What can you tell us about working conditions in the dairy industry worldwide? Are they similar to the meat industry? Do they vary a lot between countries of the Global South?

I think the working conditions in the dairy sector are very different than the meat industry—machines do a lot of the processing, whereas you need workers doing a lot of assembly line work for the processing of meat. Having said that, I have not looked into the working conditions in the dairying sector so am not the best person to answer this question.


Does the veneration of the cow in India have any effect on how cattle is held and how the dairy industry functions compared to other countries?

Cows in India are not treated badly per se as you would think in terms of confined spaces etc, though we are seeing the rise of big dairies in India too. However, there is a feed and fodder problem in India. You see a lot of very skinny cows and undernourished cattle. There are a lot of reasons for this, including severe inequality, bad agrarian policies for the poorest of rural producers. Those that have cows, especially women who own 1 or 2 cows, the average for many dairy producers in India, do take care of their cows. It’s a vital safety net for these women. And cooperatives like Amul have done a lot to integrate these women into their supply chain and to ensure that they have incomes. So, it is a complex picture. There is a mix of private dairies, cooperatives like Amul that are sort of nationalized and other independent dairies with a really social cooperative model, but it is all in a state of flux and changing.


Is the damage that the dairy industry does to the climate comparable to the impact of the meat industry on greenhouse gas emissions worldwide?

That is an excellent question. We found in our Milking the Planet study that just 13 dairy companies match the UK’s entire emissions. That is pretty significant! We also found in our joint report with the NGO GRAIN in 2018, that five meat and dairy companies’ emissions combined exceeded that of Shell or Exxon or BP in one year. Two out of these five were dairy companies: Fonterra and the Dairy Farmers of America. We have some of the largest dairy processing companies and emitters headquartered here in the EU: Le Groupe Lactalis, Arla, Friesland Campina, Danone, DMK Deutsches Milchkontor. They are all here.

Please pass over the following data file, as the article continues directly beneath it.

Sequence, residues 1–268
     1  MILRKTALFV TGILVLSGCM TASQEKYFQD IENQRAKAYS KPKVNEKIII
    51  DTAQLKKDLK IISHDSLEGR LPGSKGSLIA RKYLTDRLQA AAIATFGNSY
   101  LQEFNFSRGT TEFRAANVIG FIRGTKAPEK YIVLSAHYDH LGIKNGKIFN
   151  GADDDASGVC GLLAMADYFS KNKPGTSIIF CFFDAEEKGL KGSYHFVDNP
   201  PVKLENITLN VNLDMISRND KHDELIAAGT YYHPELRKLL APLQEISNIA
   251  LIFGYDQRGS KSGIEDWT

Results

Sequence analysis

What would you suggest to change the situation to the better?

We need to start by getting governments to accept that these companies need to be regulated and held accountable for their emissions. Passing on the costs to farmers and expecting farmers to change while the industrial model demands the status quo is unacceptable. These companies have to internalize the cost of making these changes in what they pay farmers and how they invest in their supply chains. Governments have to ensure that they create a plan for a Just Transition out of mass production so that rural dairy producers do not suffer. Right now, governments don’t even demand that these companies publish the number of animals they have in production. Without basic transparency about how many animals are in these companies’ supply chains, how can we set baselines for reducing emissions? Some very basic accountability is lacking at this point and we need much more than that for the climate and environmental challenges we face.

We have a Farm to Fork strategy now—how bold will it be? It is a significant opportunity to shift how we produce. We are still struggling with the CAP negotiations. Things as they stand will not deliver a transformative change, but this needs to change. And National CAP strategic plans have to demonstrate this willingness to tackle these tough climate and environmental issues and help shift the money to support the transition.  We also need supply management to increase rural incomes as I said above and social policies that ensure adequate nutrition.


Shefali Sharma is the Director of the European Office of Institute for Agriculture and Trade Policy (IATP)